Thursday, December 29, 2011

Battle Hymn of the Tiger Mother

Battle Hymn of the Tiger Mother

Many of you have, no doubt, read the extract from Battle Hymn of the Tiger Mother that made so many people so hot under the collar. In it, Chua detailed what appeared to be her absolutely brutal methods for driving her children to technical excellence in school and music. Like so much we read in the newspaper, the extract was designed to polarise and it did so perfectly. It created an absolute furore, a wealth of free publicity which led to mega sales of the book. I certainly found Chua's article appalling; however, I recently sat down and read her book, wherein I discovered a more complex story.

Battle Hymn opens with Chua's claim that she, and all good Chinese (read: strict immigrant) mothers, know how to raise their children properly. They are dominant and controlling, and commit themselves utterly to driving their children to excellence. Growing up, Chua's two daughters had no play dates, no sleepovers, no school camps, no television, and no extracurricular activities except music. Thus they had plenty of time to work hard, get perfect grades, and master an instrument. Satisfaction, claims Chua, is to be found in mastery of something, and mastery doesn't come easily. So her daughters practiced their musical instruments for more than an hour every day, and three to five hours if a performance was looming; and when they were unwilling to rehearse Chua stood over them screaming, threatening to destroy their soft toys and even withholding food and water until they had completed their practice.

This is pretty much where the article stopped and, of course, it was ghastly. We were left with the picture of a psychotic mother brutally dominating her children as they attempted to master the instruments of her choice. This is not an entirely inaccurate impression, but it omits the good humour, the self-deprecating tone, and the way Chua's methods fell to pieces with her second daughter, which are all detailed in the book.

Daughter one, Sophia, was willing to get with the program. She went along with the rules and the practice, and calmly excelled at everything. Lulu, however, was different. Lulu just said no. The battles grew more and more heated until, despite her natural gifts, years of accomplishment and a love of playing, Lulu flat out refused to pick up the violin. The book details how mother and daughter interacted and how Chua eventually admitted defeat, allowing Lulu, at thirteen, to make some of her own choices about how to spend her time. Lulu now sets much of her own agenda and, shock horror, wastes time playing tennis.

Chua relates her ambitions and her methods as well as her rages at Lulu and where she went wrong, and freely admits the things they missed when both of them obstinately refused to give way. The girls continued to practice when travelling with the family; and there were times when the whole family missed one thing or another because Lulu refused to practice and Chua refused to leave the hotel until the practice had been completed. At one level, this is crazy; at another, I have some sympathy for Chua – unlike so many of us with our children, at least she stood her ground.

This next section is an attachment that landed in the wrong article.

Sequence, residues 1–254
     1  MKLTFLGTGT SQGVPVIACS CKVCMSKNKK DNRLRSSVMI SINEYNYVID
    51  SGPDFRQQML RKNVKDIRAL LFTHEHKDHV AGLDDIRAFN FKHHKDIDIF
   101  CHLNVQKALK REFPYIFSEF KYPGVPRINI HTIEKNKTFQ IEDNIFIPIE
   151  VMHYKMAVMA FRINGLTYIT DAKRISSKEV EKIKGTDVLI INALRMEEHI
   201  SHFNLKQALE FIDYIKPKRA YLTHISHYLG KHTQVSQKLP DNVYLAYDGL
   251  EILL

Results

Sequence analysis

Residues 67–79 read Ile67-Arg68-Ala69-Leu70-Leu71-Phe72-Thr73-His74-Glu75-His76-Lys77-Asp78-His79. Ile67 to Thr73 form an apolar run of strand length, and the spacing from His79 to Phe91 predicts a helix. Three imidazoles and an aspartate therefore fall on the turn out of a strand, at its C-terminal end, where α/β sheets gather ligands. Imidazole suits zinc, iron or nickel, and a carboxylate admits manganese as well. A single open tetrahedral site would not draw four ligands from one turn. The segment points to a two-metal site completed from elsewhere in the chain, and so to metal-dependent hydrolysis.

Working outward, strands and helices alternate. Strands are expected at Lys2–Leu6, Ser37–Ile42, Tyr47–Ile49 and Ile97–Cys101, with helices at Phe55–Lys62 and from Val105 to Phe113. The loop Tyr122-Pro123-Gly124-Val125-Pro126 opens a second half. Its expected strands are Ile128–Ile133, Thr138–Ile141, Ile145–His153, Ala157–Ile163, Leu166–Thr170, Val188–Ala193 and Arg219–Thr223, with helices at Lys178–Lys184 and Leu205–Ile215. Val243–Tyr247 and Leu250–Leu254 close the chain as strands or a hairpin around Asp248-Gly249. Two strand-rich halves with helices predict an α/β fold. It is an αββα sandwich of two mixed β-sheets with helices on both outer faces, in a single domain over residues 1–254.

Battle Hymn is more than a parenting story, however. It is also the classic immigrant tale. The daughter of migrants, Chua had limited opportunities and was determined to be successful in a measurable way. Now that she has made good, Chua is absolutely determined that her own children will have every opportunity made available to them. Utterly predictably, her oldest child has taken up the mantle and excels, while the second child has adapted to the dominant culture and rebels against the strict cultural mores of her mother.

The book is also about family and Chua writes simply and well about her parents and their shift from China to America; the illness and death of Florence, Chua's mother-in-law; and the terrible leukaemia of Katrin, Chua's sister.

Overall, the book is candid, moving and very funny, and Chua has a nice self-deprecating tone. She is an odd mix of extremely sharp and charmingly naive, brutal and fragile, and I found myself loving to loathe her.

On a more personal level, Chua's book raises serious questions for me as a parent. While I will never be the sort of mother who will stand over her children for hours of music practice or drive them all over creation to see particular teachers, I often wonder whether I don't demand enough from or for them. I'm not sure how to balance the needs of childhood – for play, daydreaming and exploration, which my kids excel at – with the fact that they don't seem to be learning as much as I would hope.